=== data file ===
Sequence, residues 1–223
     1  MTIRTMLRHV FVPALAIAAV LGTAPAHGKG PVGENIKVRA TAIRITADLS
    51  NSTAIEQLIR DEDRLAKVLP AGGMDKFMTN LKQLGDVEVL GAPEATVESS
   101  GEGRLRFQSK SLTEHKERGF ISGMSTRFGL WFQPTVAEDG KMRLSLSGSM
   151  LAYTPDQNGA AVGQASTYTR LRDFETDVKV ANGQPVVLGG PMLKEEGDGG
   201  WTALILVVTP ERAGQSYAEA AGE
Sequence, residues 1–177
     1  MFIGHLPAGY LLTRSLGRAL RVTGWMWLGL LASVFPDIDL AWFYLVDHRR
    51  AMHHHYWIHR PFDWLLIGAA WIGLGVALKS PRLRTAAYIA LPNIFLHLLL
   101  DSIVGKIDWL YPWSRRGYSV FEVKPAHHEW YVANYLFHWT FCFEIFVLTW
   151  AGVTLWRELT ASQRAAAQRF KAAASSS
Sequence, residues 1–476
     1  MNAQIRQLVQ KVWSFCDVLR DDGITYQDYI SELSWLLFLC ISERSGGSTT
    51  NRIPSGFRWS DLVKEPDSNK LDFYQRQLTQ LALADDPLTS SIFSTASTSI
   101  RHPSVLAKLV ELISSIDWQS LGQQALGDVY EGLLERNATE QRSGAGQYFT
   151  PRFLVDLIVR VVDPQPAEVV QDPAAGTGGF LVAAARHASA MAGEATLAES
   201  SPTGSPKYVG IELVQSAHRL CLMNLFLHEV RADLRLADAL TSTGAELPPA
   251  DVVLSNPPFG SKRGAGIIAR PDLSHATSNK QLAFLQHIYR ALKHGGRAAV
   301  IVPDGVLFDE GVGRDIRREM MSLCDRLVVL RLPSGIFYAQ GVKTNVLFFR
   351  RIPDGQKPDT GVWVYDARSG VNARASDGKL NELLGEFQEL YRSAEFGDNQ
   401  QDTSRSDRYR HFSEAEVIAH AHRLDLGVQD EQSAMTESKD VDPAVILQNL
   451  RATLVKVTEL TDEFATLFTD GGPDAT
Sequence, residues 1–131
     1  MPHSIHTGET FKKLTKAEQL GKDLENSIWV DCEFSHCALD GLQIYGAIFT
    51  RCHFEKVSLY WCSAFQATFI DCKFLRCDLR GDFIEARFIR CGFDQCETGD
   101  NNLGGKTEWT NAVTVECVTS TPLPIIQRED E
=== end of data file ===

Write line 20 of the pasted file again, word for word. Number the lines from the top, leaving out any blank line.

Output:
   351  RIPDGQKPDT GVWVYDARSG VNARASDGKL NELLGEFQEL YRSAEFGDNQ